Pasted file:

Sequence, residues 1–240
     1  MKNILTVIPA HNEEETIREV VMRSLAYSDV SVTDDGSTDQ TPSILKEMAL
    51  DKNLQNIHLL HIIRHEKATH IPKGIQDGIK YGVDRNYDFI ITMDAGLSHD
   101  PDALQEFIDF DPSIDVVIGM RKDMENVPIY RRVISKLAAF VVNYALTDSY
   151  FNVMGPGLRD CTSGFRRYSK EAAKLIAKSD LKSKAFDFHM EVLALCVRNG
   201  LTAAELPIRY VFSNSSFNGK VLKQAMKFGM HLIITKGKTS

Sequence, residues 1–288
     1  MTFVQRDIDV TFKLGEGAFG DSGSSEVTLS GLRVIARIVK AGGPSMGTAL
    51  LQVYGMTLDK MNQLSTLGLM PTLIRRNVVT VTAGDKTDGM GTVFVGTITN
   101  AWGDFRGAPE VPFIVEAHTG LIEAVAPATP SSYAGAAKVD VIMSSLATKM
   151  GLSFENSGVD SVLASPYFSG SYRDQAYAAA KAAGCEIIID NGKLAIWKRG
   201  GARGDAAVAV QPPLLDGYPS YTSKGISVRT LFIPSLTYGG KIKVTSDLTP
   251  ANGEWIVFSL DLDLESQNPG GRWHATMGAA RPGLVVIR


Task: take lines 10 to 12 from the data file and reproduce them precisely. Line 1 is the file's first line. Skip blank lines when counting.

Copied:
   101  AWGDFRGAPE VPFIVEAHTG LIEAVAPATP SSYAGAAKVD VIMSSLATKM
   151  GLSFENSGVD SVLASPYFSG SYRDQAYAAA KAAGCEIIID NGKLAIWKRG
   201  GARGDAAVAV QPPLLDGYPS YTSKGISVRT LFIPSLTYGG KIKVTSDLTP